List all your fixed expenses. These are regular monthly bills such as rent or mortgage, utilities, or car payments. It’s unlikely you’ll be able to cut back on these, but knowing how much of your monthly income they take up can be helpful.
Next list all your variable expenses.
Those that may change from month to month such as groceries, gas and entertainment. This is an area where you might find opportunities to cut back. Credit card and bank statements are a good place to start since they often itemize or categorize your monthly expenditures.
Adjust your habits if necessary
Once you’ve done all this, you have what you need to complete your budget. Having documented your income and spending, you can start to see where you have money left over or where you can cut back so that you have money to put toward your goals.
Short term, mid-term and long term. The goal-setting process involves deciding what goals you intend to reach; estimating the amount of money needed and other resources required; and planning how long you expect to take to reach each of your goals.
It’s not just the number that matters in setting your financial goals. It’s the process itself. It’s establishing good habits. If you adhere to consistent saving patterns, you’ve set yourself up for success.’’
Learn about investing
Learn where to put your money and which investments will be most advantageous to you and focus on the long-term.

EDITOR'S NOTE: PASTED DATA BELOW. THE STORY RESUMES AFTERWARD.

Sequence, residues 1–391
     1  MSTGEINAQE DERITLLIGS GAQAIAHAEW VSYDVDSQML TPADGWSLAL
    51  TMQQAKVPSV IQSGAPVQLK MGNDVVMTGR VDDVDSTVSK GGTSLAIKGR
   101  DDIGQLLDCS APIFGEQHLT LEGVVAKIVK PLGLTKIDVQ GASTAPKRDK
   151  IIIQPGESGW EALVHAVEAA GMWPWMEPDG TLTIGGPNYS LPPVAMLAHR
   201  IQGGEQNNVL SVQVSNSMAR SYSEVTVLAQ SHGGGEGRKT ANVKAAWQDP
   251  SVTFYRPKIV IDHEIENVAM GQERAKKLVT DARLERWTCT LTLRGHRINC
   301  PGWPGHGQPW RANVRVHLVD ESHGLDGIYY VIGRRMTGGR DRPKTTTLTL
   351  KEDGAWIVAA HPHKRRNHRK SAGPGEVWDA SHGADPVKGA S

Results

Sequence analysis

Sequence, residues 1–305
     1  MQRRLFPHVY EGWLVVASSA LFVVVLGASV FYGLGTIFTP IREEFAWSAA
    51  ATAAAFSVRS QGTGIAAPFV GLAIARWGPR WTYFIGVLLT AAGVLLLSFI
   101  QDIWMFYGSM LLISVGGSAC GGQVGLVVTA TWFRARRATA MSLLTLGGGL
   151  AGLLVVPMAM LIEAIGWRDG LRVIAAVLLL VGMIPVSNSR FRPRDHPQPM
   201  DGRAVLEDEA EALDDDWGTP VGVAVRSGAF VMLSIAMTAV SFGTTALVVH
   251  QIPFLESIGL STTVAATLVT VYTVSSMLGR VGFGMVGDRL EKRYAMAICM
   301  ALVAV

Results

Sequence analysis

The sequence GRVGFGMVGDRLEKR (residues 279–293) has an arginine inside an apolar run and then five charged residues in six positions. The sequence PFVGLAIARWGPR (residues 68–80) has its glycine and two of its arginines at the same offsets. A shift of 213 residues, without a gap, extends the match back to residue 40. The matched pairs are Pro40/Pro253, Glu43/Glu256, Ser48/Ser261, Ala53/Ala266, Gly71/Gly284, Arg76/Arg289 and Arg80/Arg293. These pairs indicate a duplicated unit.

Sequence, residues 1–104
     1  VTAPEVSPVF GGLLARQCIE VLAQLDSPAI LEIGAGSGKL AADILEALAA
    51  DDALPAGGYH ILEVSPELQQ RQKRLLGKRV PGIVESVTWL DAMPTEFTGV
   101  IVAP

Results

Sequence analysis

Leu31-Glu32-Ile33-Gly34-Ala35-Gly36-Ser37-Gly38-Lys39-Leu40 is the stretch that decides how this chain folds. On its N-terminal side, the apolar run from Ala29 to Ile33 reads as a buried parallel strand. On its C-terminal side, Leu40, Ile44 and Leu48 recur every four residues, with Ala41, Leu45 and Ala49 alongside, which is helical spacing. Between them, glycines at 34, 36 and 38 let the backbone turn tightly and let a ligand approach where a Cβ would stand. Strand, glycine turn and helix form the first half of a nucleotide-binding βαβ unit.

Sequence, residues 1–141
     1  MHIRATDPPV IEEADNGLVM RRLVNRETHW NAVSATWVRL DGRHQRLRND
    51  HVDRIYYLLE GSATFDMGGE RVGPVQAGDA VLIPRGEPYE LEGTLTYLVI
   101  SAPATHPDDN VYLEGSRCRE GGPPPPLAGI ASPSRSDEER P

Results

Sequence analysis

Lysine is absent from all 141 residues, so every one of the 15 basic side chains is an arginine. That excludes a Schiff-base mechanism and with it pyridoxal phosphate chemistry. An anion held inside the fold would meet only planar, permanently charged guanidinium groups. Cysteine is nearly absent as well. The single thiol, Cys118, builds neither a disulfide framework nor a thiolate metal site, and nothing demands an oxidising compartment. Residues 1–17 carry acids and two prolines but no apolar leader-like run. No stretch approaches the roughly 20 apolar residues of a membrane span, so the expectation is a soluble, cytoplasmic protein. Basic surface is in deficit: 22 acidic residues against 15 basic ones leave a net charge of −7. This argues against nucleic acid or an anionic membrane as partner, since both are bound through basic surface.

Stock investing is filled with intricate strategies and approaches, yet some of the most successful investors have done little more than stick with the basics.
Also, starting the next generation of women along a good path, the following should be considered.
- Invest a bit more for the girls in your family than the boys. You could set money aside in a Junior ISA, or even start a child’s pension for them, which they won’t be able to access until the age of 55. Even just a few pounds extra saved now could make a big difference to your daughter, niece or god-daughter in the long run.
- Talk to young female family members about the financial obstacles they’re likely to face in their lives – and give them a solid grounding in money matters, with ongoing financial education. Stress the importance of building a regular savings habit from an early age.
- Financially empower them, too. Remind the girls in your family that money doesn’t have to be a dirty word. Help them feel like they’re in control of their finances, and give them the confidence to ask for that promotion or pay rise at work. Encourage them to challenge the status quo. In a world where it’s the norm for women to be financially disadvantaged, they’ll need to learn to be assertive – to become strong advocates for themselves.
The value of an investment with St. James’s Place will be directly linked to the performance of the funds selected and may fall as well as rise. You may get back less than you invested.
The levels and bases of taxation and reliefs from taxation can change at any time. Tax relief is dependent on individual circumstances.